Jan/Feb 2013

Did you do a double take when this issue landed on your desk? It’s okay. Even I was caught by surprise when I first saw the cover concept during layout. And I knew it was coming; I could only imagine your surprise.

It certainly is more Car & Driver than it is your typical issue of Constructech, that’s for sure. But then again, that is what makes this issue so cool. It represents a transformation that is occurring in the construction market where technology continues to invade every aspect of our everyday lives. And these days there is nothing that represents everyday life more so than our vehicle.

In fact, as we point out in our cover story, contractors are spending more and more time commuting to and from the jobsite, and it is estimated the average tradesman spends about two hours on average per day driving on the roadways commuting from the jobsite back to the office. Couple this with the growing idea of BYOD (bring your own device) where your workers are carrying in more laptops, smartphones, tablets, and other devices, and it only seems natural that the market now necessitates a office on wheels, if you will.

When trucks come equipped with their own Wi-Fi hotspots, it should definitely be considered a powerful complement to your IT strategy. This comes in handy particularly given the fact cellular coverage can often be limited in areas your employees are working on projects across the country.

I am sure many of you take the roads today in your personal vehicles that come equipped with GPS mapping capabilities, Bluetooth pairing features, and a wealth of other in-vehicle technology features designed around safety, convenience, and infotainment. So it’s not that much of a stretch to think the trucks you are sending out into the field should have some of the same features and functionalities.

Before you start thinking that such features will only create a distraction for the worker, think again. As you may already realize in your personal commute, the action of fumbling around with your phone or playing around with a PND (personal navigation device) can be highly distracting, and even dangerous.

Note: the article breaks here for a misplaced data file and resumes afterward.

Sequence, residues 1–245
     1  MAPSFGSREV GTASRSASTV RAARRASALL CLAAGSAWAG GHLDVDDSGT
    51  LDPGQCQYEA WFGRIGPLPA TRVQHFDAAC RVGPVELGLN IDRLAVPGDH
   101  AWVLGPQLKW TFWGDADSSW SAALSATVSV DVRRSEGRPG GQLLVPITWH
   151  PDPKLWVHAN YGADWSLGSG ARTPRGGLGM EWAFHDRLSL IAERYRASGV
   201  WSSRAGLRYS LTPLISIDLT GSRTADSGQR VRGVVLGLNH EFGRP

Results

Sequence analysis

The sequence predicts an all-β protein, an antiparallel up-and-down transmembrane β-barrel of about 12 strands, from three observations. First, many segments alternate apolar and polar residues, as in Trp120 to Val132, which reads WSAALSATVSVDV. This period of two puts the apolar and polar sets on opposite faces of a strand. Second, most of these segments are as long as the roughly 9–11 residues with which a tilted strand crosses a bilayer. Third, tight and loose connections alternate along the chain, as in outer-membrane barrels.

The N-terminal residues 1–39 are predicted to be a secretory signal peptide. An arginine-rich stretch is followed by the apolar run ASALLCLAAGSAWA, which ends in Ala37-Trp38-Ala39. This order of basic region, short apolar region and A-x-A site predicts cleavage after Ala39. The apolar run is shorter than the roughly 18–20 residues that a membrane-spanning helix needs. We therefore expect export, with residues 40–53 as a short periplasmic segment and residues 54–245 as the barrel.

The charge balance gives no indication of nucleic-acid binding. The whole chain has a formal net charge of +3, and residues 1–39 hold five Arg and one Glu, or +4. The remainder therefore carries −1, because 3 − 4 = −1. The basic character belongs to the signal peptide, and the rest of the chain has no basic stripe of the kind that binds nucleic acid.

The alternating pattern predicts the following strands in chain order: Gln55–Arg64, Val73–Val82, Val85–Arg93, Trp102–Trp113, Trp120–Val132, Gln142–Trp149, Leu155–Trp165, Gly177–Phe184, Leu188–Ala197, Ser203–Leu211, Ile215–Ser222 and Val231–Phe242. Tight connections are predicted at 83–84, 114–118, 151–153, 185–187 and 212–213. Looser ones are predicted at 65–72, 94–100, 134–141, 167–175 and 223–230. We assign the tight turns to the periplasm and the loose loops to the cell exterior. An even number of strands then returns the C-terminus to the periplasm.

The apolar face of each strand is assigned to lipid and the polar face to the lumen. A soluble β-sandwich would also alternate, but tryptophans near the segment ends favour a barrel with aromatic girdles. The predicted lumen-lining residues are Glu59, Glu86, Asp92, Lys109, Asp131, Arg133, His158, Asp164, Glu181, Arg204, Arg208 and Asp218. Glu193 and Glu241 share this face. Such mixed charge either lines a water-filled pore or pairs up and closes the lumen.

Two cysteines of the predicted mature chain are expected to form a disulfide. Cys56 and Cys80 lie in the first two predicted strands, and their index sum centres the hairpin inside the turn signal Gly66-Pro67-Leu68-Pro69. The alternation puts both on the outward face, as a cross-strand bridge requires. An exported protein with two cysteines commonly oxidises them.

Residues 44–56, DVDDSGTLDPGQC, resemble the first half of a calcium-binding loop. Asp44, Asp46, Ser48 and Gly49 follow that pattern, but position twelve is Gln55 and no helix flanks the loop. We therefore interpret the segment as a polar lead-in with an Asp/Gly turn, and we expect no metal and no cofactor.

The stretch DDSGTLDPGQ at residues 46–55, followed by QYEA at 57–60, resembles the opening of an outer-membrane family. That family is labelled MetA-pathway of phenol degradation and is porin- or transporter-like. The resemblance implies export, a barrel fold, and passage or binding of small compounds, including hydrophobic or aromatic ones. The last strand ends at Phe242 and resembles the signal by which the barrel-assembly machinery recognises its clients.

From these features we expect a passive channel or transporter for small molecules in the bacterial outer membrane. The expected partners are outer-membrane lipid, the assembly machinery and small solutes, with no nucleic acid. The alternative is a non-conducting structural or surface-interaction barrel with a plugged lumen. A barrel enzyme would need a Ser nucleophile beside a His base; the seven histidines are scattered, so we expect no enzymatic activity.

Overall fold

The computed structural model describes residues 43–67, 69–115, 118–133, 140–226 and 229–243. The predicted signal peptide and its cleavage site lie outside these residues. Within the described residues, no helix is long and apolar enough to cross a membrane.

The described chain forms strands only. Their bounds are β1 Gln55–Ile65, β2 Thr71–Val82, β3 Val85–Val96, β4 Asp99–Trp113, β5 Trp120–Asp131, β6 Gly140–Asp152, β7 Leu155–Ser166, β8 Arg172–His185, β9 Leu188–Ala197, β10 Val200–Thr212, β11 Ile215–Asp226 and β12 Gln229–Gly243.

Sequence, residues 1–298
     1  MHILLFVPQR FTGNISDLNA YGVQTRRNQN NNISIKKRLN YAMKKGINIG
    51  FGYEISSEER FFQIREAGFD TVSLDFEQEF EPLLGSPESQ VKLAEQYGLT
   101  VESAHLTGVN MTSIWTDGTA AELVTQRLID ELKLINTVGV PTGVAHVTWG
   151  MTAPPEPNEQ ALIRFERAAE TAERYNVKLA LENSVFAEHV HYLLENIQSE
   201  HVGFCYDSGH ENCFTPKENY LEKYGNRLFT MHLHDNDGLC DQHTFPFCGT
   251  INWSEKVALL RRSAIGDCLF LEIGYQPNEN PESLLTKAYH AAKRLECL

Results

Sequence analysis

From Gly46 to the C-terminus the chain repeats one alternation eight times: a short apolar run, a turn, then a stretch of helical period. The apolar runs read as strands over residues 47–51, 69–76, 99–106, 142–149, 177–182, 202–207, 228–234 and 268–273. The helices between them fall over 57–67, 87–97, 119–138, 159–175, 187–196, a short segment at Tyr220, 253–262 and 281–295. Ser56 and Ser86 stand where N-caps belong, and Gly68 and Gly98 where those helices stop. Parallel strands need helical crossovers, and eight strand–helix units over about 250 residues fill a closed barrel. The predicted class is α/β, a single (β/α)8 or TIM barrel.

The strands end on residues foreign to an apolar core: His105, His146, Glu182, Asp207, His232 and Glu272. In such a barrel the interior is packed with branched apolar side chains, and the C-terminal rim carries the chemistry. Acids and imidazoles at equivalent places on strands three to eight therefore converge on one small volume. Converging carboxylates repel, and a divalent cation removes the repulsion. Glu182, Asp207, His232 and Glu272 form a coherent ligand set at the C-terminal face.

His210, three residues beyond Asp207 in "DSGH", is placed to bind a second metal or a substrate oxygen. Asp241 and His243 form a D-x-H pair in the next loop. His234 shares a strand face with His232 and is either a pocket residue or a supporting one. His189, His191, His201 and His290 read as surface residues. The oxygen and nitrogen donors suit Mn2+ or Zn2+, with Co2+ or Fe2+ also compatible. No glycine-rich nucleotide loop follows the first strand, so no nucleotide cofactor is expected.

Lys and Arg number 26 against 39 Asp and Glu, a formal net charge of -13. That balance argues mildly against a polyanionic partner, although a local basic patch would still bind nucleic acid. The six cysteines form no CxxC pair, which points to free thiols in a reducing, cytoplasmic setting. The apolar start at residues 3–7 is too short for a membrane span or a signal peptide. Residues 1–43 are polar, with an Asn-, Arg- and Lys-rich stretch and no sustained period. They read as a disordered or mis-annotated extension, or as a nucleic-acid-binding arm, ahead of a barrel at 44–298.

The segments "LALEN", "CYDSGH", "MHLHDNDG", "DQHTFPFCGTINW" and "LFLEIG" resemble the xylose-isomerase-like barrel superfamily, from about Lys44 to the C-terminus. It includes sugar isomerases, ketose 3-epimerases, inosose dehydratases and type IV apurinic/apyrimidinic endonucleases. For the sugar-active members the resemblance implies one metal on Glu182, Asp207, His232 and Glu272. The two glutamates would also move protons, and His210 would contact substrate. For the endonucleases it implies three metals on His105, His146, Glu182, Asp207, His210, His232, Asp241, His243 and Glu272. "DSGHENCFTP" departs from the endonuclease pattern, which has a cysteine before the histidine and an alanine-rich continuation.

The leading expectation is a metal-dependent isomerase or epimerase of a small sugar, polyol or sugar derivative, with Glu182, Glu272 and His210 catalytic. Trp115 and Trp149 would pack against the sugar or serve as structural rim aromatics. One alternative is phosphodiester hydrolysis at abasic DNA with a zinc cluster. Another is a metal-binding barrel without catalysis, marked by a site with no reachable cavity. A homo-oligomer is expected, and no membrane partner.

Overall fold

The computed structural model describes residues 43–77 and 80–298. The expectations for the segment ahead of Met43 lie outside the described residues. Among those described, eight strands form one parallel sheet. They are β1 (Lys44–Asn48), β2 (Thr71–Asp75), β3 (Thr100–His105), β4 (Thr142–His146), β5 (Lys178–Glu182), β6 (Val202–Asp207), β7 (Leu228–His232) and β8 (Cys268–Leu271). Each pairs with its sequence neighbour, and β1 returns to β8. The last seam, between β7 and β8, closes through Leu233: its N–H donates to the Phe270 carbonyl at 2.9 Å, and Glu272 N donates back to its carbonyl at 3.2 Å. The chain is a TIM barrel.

In the case of workers, these actions are not only dangerous distractions, they can also be considered efficiency deterrents. How many times have your workers complained about not having network coverage in order to use those fancy devices they are using out in the field? So why not consider a truck that promotes a tech-savvy worker in a distraction-free manner?

That is precisely the idea behind Constructech’s first annual Connected Truck of the Year. I have to admit it is a new area of coverage for us. But when you look at how vehicles are now coming packed with technology, the two worlds are coming together more than you might initially realize.

There is no need to worry that suddenly we will be reporting on powertrains rather than project management, or towing capacity in place of Take-offs. But you can bet that when technology and transportation combine in such a manner that it is creating exciting new efficiencies for the construction worker, we are going to be your resource. And who knows what will come next. Right now there are only a limited number of trucks that feature such technology, but that will change. That’s the fun with technology these days—expect the unexpected.

Mike Carrozzo
Chief Editor

Connected Truck of the Year
It has a nice ring to it. Our sister publication Connected World magazine has really been involved with in-vehicle connectivity for many years now and we have learned a lot about how this innovation is changing our lives. You can read the full details in our cover story. But here’s the real skinny: For all practical purposes, the pickup truck isn’t what you’d call a high-tech platform by any means, but for what you do every day, I have seen firsthand how a truck serves as a rolling office. So it was important for us to pick the best connected truck that features all the best tools you will need to keep your office rolling along. With this new platform, you can now choose either a standard monthly data plan or an on-demand, pay-per-use option.

But here’s one better. The embedded Sprint modem will create a Wi-Fi hot spot in the cabin. So if you want to sync up with a remote access point while parked outside a Starbucks and glom on to its free Wi-Fi network, you can. Now that’s a Connected Truck of the Year. This year we have a lot more exciting discussions to bring to our readers. Happy Reading!

Peggy Smedley
Editorial Director

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